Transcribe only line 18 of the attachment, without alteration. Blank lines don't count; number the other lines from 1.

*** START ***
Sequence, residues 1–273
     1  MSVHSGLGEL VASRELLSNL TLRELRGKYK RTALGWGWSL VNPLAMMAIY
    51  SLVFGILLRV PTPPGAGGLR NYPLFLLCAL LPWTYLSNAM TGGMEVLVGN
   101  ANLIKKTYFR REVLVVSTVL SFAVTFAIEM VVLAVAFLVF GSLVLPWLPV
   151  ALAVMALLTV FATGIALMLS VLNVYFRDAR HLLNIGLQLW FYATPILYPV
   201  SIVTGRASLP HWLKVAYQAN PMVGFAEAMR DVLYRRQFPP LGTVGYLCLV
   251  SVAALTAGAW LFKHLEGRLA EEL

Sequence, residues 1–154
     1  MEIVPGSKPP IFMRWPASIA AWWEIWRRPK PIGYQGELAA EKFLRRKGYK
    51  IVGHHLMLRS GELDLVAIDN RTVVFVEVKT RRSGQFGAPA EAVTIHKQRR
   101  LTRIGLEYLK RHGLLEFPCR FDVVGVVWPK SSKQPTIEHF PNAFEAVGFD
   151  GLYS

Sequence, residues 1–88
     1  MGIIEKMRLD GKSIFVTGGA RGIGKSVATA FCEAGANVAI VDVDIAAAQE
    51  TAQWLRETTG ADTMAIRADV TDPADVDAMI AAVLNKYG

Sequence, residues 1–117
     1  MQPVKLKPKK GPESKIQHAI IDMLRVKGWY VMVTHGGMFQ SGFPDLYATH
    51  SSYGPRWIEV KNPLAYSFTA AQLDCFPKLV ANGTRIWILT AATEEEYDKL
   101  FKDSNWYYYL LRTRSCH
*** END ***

    51  SSYGPRWIEV KNPLAYSFTA AQLDCFPKLV ANGTRIWILT AATEEEYDKL